Planning for Failure: Pipelines, Risk, and the Energy Revolution
55 Pages Posted: 7 May 2019 Last revised: 21 May 2020
Date Written: March 29, 2019
In 2014, as production soared in North Dakota’s oil fields, Energy Transfer Partners proposed a large pipeline to transport the oil to market. The very name of the project—Dakota Access—conveyed the company’s optimistic vision of a needed link between the prolific oil fields and the rest of the country. The vast scale of the pipeline project was matched only by the intensity of the opposition to the route. A bitter controversy erupted at Standing Rock over the risk of a catastrophic oil spill. Tribal members and environmentalists from across the nation united to protest the company’s decision to site the pipeline underneath a lake that serves as the sole source of drinking water for local tribes. The company defended the safety of its pipeline and ultimately prevailed. Dakota Access was completed in 2017. Since it began operation, it has leaked eight times.
One would expect risk governance to take a more preventative approach to risk, as the potential for catastrophic harm increases and the ability to predict an accident decreases. But projects such as Dakota Access raise troubling questions about the current system governing the risks of energy pipelines. Why are pipelines being sited in environmentally sensitive and densely populated areas? To what extent does the system address the long-term risks of spills and releases? These questions are more important than ever before, as the domestic revolution in oil and gas production fundamentally reshapes pipeline networks and the geographic and political landscape of risk.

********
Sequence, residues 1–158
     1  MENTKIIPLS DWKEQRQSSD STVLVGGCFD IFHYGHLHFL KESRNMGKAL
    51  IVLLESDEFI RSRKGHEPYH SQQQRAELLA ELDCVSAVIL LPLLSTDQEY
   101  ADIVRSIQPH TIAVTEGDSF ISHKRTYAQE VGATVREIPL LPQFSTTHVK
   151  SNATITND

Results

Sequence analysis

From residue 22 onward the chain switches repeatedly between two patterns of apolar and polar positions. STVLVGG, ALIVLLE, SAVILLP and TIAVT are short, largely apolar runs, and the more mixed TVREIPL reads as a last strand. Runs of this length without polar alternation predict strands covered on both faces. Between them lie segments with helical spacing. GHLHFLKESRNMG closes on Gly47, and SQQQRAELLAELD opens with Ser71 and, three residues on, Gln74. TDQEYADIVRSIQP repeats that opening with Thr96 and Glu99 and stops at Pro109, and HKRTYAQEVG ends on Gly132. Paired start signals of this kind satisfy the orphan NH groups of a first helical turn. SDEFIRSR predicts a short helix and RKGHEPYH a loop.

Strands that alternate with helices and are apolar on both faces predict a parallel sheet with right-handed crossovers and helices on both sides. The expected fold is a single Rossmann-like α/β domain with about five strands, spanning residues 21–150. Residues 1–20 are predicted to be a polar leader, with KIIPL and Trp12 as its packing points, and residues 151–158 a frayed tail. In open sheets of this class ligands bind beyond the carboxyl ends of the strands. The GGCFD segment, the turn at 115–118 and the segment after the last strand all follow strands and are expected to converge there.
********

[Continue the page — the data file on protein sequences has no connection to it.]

This Article seeks answers by examining the laws governing energy pipelines through the lens of risk. The analysis reveals a critical flaw in risk governance: the risks associated with “siting” a pipeline are treated separately from the long-term “safety” of the pipeline. This formal legal distinction has a substantial practical effect on the risk landscape. By failing to consider the risks of an accident in the decision of where to locate a pipeline—that is, by failing to plan for failure—the system allows energy pipelines to be sited near people and sensitive ecosystems. This in turn leads to more accidents in vulnerable areas and a greater risk burden on landowners and surrounding communities. The result is a system that sites first—and cleans up later.
Keywords: energy pipelines, risk, siting, safety
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